Do We Hear $15B?



Who Bid for VUE?

The auction for USA Network, Sci Fi Channel and other Vivendi Universal U.S. assets is under way, with five companies submitting bids and at least two — Liberty Media Corp. and General Electric Co.'s NBC — appearing to nose ahead of the pack.

Sources said last week that aside from Liberty and NBC, Metro-Goldwyn-Mayer Inc., oil billionaire Marvin Davis and a group including former Vivendi vice chairman Edgar Bronfman Jr. and Cablevision Systems Corp., all submitted bids June 23.

Bids for Vivendi Universal Entertainment — which also includes cable channels Trio and NewsWorld International, Universal Studios and its theme parks — ranged from $12 billion to $15 billion, according to published reports.

Viacom Inc., expected to join the fray, declined to make an initial bid but reportedly told Vivendi later last week that it was interested in bidding on the cable networks and possibly its TV-production studio.

Vivendi's board of directors is expected to whittle the list to two or three bidders this week. The French conglomerate is expected to decide the winner by the end of July.

Vivendi Universal spokeswoman Anita Larsen declined to comment.

Liberty obtained an edge because it bid for Vivendi's troubled Universal Music Group as well as VUE's cable, film studio and theme-park assets. According to several reports, the Liberty bid was for between $14 billion and $15 billion.

By making a separate offer for UMG, Liberty is offering Vivendi an opportunity to erase the onus of former Vivendi chairman Jean-Marie Messier's disastrous buying spree in one fell swoop.

Messier racked up a huge, $17 billion debt during his short tenure, paying $34 billion for Seagram Co. (which included Universal) in 2000 and $11 billion in 2001 for the stakes in USA Networks Inc.'s cable channels it didn't already own.

After Messier was ousted in July 2002, new chairman Jean-Rene Fourtou embarked on a plan to sell off assets.

Two other bidders — Bronfman and Davis — also bid for the music group. But because both are relying heavily on private-equity financing — Bronfman has teamed with Blackstone Group, Wachovia Securities, Thomas H. Lee Partners and Merrill Lynch, while Davis is paired with Bain Capital and Texas Pacific Group — their bids are perceived as more volatile.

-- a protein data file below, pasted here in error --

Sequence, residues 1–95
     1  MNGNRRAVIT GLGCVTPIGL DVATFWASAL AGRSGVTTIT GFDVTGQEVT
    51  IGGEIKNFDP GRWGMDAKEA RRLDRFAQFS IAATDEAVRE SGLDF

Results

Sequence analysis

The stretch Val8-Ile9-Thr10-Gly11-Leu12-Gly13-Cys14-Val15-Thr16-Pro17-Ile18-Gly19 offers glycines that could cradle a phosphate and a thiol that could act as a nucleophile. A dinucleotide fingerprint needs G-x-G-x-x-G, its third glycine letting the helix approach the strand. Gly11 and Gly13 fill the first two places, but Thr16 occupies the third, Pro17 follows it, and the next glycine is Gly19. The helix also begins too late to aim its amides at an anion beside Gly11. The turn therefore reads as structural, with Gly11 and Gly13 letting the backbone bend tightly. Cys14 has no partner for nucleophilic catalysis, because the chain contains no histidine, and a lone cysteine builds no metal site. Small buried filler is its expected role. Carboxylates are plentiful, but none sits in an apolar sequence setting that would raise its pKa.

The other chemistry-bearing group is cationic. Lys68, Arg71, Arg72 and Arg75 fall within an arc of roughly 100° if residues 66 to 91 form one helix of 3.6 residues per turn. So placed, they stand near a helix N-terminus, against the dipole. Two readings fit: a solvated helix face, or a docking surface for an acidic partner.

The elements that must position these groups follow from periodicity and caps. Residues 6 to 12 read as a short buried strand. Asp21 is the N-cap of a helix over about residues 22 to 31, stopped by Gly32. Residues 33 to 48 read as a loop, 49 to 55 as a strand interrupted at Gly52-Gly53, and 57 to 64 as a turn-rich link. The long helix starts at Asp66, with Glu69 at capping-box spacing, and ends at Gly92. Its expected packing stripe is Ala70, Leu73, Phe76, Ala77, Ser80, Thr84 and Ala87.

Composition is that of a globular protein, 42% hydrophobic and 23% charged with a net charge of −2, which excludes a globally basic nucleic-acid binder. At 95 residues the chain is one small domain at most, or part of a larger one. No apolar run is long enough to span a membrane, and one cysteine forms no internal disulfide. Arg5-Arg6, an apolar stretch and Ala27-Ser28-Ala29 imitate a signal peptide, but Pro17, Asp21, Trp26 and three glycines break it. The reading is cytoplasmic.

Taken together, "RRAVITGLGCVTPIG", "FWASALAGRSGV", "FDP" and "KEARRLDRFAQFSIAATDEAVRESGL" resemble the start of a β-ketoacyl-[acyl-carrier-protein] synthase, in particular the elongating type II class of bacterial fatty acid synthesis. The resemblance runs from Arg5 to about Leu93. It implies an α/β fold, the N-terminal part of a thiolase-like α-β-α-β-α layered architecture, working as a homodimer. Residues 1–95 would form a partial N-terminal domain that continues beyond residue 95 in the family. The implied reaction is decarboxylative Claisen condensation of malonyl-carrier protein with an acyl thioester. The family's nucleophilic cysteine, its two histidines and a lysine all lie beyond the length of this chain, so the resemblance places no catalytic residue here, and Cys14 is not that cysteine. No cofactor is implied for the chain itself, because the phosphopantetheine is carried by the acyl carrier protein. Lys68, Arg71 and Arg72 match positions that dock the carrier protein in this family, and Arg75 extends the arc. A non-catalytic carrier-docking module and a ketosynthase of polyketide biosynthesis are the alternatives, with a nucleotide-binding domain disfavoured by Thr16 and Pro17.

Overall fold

Cablevision Systems Corp. is aligned with the Bronfman bid, but is expected only to contribute national programming assets, not cash.

The Liberty bid would seem to be in line with Davis's offer of $20 billion (including the assumption of $5 billion in debt) made in November, rejected at the time as too low.

Janco Partners media analyst Matt Harrigan estimated the value of VUE at between $12 billion and $15.7 billion, with Universal Music worth about $4.8 billion.

While Liberty has a healthy cash reserve (about $5 billion) that it could contribute to a bid, GE has a highly regarded stock to offer.

Liberty planned to combine the VUE assets with its premium movie programmer, Starz Encore Group LLC, in a separate entity. Sources last week said the GE bid would involve purchasing a majority interest in VUE, leaving Vivendi with a minority stake.

Liberty is known for tough negotiations and could drag out the process longer than Vivendi would like.

GE is notoriously averse to parting with cash, one component that most observers believe is a top priority for Vivendi.

"There is no doubt that [Liberty chairman John] Malone is quite value-conscious," Harrigan said. "The issue is the structure with the GE bid.

"Even though Vivendi is looking for 7 billion euros ($7.99 billion) in liquidity this year, they've made some fair strides toward that. It's not like they absolutely have to toss everything out."

While Universal Music has been in decline, Harrigan said it makes more sense for Liberty from a historical perspective.

"At one point, Malone was talking about launching a music channel to compete with Viacom," Harrigan said. "Universal Music's market share is around 30%.

"I think the antitrust considerations are less onerous than they were, and you could probably get distribution right away with DirecTV and with Comcast as part of the settlement with the QVC situation. There are all sorts of new angles here."

Liberty owns an 18% stake in News Corp., which is in the midst of buying DirecTV parent Hughes Electronics Corp.

Liberty also owns 42.5% of QVC and has exercised an option to either sell its stake to Comcast (which owns the rest) or buy out Comcast's interest. The two parties are currently in the evaluation stage of their respective stakes.

Fulcrum Global Partners media analyst Richard Greenfield said in a report that Liberty's bid for UMG was a negative.

"We have significant concerns surrounding the global music business, which is currently in its third year of decline, and is likely to continuing its decline for several years due to the transition to digital and online piracy," he wrote.